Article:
Of course, in order to expand some characters, you need to cut others and you need to cut certain plots. Again, I think season 4 just about made the right decision every single time.
The Cut Content
The most obvious cutbacks occur with two POVs in Cibola Burn. I already mentioned Basia, who still exists on the show as Lucia’s husband but generally sits in the background and exists purely to serve Lucia’s arc. His content is given to her instead. The other major change comes from completely cutting a second POV, an RCE officer named Havelock who worked Star Helix security with Miller in both the first book and season.
Havelock returns in Cibola Burn as the viewpoint aboard the Edward Israel. Eventually, he joins the Rocinante after helping free Naomi after RCE security takes her captive at one point. Honestly? He was completely unnecessary. He is even more of a blank slate camera than Basia. I’m not sure if The Expanse cut him because they couldn’t get the season 1 actor back or they realized they didn’t need him, but either way, the season benefited for his absence.
He represents a larger problem with Cibola Burn, which is plot bloat. In order to justify his existence, multiple plots are created involving him training a militia onboard the Edward Israel, Naomi trying to disarm a weaponized shuttle and being captured, Havelock watching over and eventually freeing him, and him helping defend the Rocinante from the militia he created.
The Expanse bypasses all this by giving Naomi the on-planet plot instead, having her help Lucia escape, and then just having the weaponized shuttle attack happen without any of the failed disarmament or jail segments. Without those parts, Havelock serves no purpose and everyone else can get more focus instead. Season 4 proves just how unnecessary those parts are and why they don’t need to exist outside of making Cibola Burn longer.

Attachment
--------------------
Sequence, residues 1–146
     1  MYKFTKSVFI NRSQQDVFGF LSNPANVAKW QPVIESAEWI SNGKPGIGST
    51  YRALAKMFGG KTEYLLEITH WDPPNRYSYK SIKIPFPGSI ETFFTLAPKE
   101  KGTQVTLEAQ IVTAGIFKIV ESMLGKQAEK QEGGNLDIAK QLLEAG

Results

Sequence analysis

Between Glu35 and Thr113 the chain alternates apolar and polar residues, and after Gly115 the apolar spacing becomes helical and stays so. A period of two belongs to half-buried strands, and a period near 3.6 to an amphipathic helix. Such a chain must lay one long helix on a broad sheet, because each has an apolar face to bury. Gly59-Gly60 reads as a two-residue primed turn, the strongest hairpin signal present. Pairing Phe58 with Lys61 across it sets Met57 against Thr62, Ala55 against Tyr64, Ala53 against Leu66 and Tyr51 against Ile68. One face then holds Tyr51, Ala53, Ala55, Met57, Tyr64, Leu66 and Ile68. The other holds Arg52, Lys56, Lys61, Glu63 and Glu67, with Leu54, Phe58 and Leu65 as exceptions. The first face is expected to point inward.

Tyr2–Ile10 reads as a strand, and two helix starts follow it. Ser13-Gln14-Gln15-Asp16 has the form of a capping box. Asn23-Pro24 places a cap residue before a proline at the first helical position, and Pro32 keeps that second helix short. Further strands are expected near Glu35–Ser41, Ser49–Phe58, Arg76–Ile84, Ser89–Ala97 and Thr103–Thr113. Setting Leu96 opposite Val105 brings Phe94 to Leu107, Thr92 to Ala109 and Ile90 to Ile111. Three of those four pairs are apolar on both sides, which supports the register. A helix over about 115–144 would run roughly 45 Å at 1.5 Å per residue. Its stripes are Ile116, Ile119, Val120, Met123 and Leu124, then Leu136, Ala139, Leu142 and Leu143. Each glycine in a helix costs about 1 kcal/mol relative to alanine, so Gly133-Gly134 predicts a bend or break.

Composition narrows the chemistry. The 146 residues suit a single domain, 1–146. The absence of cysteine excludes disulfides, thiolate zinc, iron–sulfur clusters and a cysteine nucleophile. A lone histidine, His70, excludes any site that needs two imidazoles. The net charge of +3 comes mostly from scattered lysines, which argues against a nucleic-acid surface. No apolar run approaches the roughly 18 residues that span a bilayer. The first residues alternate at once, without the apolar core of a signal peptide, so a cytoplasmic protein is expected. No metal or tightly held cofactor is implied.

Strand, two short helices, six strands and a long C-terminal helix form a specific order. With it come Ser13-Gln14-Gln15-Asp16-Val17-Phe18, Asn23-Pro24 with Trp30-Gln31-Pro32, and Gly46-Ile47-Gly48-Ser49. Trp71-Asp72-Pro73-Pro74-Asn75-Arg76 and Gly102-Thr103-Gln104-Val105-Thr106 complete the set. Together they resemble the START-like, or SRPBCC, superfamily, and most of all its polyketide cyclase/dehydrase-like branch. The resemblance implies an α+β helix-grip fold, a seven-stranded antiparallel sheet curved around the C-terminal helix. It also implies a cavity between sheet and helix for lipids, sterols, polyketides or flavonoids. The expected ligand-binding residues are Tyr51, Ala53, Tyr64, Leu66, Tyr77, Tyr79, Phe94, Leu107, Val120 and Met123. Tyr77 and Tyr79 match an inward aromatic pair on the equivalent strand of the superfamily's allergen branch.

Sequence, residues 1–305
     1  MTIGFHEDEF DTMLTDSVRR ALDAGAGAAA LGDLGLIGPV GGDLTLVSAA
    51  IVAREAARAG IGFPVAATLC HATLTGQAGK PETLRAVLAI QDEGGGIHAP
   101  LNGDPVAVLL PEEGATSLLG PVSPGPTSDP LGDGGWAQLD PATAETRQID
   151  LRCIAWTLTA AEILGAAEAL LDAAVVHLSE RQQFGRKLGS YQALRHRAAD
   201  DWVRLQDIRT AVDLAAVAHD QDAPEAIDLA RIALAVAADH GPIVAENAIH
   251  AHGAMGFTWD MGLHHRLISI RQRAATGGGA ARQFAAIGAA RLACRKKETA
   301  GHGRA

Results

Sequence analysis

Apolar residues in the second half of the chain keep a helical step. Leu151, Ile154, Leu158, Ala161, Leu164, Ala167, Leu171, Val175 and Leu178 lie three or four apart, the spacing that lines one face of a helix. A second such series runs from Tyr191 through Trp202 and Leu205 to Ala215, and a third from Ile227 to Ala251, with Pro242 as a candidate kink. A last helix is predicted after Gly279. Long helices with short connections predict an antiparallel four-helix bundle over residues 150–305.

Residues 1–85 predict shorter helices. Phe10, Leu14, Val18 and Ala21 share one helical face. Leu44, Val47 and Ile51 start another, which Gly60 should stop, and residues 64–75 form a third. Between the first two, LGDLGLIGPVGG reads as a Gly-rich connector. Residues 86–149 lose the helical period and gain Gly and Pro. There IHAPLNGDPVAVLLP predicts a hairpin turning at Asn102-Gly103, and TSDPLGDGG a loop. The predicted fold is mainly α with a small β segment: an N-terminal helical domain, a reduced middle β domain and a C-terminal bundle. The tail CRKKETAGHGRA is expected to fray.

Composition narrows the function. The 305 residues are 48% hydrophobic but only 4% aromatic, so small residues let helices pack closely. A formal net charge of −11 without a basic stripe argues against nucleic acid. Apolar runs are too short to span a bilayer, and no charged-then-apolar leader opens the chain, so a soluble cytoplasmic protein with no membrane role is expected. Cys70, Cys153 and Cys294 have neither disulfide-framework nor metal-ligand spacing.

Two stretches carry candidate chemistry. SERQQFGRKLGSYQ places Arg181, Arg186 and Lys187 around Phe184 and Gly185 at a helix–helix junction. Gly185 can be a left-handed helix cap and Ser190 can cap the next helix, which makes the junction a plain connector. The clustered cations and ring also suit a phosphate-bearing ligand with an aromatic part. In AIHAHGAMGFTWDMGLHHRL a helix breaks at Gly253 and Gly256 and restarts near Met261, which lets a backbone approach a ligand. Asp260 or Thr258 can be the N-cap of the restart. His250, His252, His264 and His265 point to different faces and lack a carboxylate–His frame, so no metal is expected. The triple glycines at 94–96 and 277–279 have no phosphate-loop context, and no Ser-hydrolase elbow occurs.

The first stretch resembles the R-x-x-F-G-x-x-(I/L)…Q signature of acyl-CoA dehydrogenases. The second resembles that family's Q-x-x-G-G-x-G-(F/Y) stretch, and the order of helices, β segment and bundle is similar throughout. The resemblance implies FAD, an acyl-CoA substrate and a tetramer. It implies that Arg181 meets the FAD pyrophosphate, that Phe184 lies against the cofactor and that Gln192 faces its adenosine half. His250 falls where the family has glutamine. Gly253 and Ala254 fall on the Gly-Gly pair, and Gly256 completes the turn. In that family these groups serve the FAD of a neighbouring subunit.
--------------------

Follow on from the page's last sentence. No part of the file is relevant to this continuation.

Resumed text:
It’s this absence that lets Wei have more plot, Naomi have her plots on Ilus and with Lucia, and lets the whole thing move at a better, more exciting pace with no real unnecessary bloat.
Another great cut is the Elvi/Holden “romance” from Cibola Burn. I’ll admit, I found it pretty amusing when Elvi’s feelings for Holden were just pent-up sexual frustration, especially when literally every ounce of her attraction to him vanished once she and Fayez hooked up. Still, Holden has enough of a problem as the Chosen White Guy of The Expanse and keeping Elvi’s attraction to him would have exacerbated the problem. By cutting it, she gets more room to shine for who she is.